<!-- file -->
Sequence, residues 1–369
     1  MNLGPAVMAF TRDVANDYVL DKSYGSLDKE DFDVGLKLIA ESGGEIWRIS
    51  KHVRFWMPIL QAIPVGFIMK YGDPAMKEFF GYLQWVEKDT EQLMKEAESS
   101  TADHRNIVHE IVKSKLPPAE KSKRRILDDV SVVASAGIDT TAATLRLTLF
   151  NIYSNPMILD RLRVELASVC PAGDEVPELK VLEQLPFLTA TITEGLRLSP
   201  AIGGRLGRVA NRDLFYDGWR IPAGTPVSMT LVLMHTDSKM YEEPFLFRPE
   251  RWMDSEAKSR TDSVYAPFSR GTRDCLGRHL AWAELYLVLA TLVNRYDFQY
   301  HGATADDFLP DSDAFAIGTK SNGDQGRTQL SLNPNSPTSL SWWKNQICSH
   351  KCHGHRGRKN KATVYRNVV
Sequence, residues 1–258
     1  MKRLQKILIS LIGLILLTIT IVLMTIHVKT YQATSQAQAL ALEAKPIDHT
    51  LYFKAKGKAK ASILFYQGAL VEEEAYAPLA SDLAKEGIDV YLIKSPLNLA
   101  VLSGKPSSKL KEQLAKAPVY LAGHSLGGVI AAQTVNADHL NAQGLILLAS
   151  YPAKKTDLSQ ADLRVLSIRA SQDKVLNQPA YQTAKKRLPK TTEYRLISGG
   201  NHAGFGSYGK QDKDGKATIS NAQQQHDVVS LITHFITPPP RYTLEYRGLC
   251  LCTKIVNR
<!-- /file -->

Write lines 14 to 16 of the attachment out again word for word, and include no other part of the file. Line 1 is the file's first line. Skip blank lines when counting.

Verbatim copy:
   151  YPAKKTDLSQ ADLRVLSIRA SQDKVLNQPA YQTAKKRLPK TTEYRLISGG
   201  NHAGFGSYGK QDKDGKATIS NAQQQHDVVS LITHFITPPP RYTLEYRGLC
   251  LCTKIVNR